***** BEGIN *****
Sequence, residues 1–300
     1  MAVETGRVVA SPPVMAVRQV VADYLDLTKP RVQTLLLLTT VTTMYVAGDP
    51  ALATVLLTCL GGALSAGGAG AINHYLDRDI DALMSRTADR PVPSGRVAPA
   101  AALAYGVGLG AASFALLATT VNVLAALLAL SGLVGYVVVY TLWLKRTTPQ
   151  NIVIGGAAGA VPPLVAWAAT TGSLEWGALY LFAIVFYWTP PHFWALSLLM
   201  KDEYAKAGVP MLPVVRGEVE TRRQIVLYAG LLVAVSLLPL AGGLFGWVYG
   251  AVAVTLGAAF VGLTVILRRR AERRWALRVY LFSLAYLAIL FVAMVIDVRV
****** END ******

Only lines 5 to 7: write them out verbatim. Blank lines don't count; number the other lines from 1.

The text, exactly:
   151  NIVIGGAAGA VPPLVAWAAT TGSLEWGALY LFAIVFYWTP PHFWALSLLM
   201  KDEYAKAGVP MLPVVRGEVE TRRQIVLYAG LLVAVSLLPL AGGLFGWVYG
   251  AVAVTLGAAF VGLTVILRRR AERRWALRVY LFSLAYLAIL FVAMVIDVRV